The demand economy is disrupting every sector and causing those in the supply chain and manufacturing fields to be more innovative than ever before. A decade ago, consumers accepted waiting a week for their product but now with the infusion of companies such as Amazon and Alibaba, consumers are making their purchase decisions based on how quickly they will receive the product. In order to stay competitive in the marketplace, companies are turning to 3D printing to create their products quicker.
While it is true that manufacturing in certain locations can be low-cost, managing a global logistics network is not, especially as transportation costs continue to rise. That is where the opportunity for 3D printing lies. It is not surprising that analyst firm Canalys anticipates that the worldwide market for 3D printers and its associated materials and services will grow to $20.2 billion by 2019.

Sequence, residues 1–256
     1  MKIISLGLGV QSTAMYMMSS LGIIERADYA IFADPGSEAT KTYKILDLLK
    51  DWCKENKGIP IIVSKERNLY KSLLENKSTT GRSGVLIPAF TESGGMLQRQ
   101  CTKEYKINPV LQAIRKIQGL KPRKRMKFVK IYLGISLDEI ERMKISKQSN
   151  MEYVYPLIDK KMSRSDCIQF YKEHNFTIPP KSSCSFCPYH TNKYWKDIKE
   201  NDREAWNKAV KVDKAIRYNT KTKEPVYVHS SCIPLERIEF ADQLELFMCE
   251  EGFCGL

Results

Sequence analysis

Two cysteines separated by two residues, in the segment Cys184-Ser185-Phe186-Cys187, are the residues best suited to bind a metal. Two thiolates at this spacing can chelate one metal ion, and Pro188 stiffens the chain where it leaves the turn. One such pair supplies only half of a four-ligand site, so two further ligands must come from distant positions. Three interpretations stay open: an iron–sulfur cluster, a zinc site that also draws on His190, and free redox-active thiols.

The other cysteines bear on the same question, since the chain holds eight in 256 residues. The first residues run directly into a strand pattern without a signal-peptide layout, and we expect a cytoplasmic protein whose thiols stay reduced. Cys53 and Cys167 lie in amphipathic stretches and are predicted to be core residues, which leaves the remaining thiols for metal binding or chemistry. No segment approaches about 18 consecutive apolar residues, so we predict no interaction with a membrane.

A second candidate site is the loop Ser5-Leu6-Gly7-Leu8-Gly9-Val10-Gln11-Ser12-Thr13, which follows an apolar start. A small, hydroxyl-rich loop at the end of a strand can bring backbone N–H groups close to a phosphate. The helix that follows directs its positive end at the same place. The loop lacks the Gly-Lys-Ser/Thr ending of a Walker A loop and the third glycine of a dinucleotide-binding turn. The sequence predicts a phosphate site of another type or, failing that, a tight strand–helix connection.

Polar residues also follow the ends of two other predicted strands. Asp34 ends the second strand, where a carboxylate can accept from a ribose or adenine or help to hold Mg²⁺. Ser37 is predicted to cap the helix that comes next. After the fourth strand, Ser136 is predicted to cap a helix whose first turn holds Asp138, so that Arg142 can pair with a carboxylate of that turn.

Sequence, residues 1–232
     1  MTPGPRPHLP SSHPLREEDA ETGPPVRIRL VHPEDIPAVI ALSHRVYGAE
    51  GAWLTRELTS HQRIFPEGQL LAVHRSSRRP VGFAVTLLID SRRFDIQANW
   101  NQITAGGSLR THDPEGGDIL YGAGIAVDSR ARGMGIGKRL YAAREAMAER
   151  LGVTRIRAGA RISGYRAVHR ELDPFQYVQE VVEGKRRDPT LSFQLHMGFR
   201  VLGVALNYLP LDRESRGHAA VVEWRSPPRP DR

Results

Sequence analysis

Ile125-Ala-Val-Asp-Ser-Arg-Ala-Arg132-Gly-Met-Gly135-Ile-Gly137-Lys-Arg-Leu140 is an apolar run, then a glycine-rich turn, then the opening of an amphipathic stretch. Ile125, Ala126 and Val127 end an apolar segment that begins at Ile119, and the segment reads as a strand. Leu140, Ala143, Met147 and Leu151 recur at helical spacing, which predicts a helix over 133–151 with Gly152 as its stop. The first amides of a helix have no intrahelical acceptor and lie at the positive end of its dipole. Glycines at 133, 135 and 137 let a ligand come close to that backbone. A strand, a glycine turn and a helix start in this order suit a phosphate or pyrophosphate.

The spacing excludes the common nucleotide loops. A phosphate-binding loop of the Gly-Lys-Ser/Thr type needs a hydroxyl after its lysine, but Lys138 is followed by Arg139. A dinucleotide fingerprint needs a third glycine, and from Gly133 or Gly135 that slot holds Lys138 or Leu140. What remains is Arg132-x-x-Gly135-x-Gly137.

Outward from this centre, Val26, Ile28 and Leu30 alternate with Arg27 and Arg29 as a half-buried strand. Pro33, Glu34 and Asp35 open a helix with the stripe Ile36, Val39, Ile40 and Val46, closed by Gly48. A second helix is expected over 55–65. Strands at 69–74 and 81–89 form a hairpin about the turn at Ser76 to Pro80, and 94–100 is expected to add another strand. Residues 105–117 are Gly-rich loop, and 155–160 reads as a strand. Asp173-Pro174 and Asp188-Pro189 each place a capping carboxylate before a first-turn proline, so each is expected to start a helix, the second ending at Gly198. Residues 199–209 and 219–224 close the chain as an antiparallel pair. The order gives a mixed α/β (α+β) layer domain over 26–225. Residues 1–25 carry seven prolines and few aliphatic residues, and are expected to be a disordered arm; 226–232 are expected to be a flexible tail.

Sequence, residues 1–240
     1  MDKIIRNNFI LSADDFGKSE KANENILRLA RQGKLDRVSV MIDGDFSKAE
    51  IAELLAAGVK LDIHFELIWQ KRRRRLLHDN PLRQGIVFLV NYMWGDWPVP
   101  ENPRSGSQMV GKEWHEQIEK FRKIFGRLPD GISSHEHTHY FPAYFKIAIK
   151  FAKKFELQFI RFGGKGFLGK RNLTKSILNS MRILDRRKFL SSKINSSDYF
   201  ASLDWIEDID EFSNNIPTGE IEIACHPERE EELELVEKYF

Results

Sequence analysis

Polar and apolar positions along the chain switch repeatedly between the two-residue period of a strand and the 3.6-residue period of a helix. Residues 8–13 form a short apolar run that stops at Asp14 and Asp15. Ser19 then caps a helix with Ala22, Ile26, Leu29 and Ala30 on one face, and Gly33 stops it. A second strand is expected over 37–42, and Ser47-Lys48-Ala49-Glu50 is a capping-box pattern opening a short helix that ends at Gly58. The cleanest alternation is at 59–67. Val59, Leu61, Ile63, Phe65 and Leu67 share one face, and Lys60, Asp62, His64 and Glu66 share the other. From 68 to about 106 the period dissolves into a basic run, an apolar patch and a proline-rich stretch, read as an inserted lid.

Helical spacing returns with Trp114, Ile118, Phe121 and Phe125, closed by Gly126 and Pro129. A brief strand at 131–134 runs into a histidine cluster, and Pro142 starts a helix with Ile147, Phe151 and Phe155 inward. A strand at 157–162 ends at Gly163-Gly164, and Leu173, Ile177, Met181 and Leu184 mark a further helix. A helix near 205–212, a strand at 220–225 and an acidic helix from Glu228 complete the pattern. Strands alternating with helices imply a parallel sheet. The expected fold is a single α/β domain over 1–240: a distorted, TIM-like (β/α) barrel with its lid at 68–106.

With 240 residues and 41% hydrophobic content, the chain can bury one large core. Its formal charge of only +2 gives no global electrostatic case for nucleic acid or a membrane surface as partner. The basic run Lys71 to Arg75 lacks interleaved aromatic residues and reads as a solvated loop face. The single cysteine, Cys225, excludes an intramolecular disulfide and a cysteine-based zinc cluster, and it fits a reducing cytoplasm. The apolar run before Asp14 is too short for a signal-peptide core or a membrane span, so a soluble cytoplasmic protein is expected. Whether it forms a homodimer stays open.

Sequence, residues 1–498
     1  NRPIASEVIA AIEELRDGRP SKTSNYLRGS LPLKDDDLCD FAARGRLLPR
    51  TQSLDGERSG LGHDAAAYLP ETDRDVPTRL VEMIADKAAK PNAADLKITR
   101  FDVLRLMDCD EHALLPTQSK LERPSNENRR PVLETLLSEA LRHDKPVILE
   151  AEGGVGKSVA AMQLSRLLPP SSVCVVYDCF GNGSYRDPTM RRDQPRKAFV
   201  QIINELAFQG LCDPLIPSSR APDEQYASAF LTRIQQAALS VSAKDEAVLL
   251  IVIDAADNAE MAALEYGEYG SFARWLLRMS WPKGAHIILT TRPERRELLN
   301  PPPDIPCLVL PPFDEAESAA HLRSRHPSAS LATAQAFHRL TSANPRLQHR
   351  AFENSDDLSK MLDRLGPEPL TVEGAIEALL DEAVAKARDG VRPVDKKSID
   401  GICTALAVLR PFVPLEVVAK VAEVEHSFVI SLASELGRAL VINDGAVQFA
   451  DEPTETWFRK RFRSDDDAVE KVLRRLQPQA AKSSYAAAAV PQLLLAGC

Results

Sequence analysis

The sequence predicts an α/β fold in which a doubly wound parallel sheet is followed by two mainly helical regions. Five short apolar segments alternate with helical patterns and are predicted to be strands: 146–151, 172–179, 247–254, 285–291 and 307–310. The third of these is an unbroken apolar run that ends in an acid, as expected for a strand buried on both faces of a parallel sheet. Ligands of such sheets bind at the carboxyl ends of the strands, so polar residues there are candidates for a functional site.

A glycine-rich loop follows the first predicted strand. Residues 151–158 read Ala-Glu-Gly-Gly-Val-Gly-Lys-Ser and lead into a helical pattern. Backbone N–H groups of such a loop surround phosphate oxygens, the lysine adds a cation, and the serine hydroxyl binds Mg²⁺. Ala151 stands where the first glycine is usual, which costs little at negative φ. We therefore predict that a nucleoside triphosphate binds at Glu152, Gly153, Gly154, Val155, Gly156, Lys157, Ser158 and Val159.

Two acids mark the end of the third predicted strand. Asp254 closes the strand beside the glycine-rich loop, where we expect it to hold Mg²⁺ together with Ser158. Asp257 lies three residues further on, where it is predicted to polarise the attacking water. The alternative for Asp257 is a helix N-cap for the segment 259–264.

Supply chains are about to make a fundamental shift. Where traditionally supply chains followed something like the SCOR model (plan, source, make, deliver, return), 3D printing is innovating that model and putting consumers in the driver’s seat.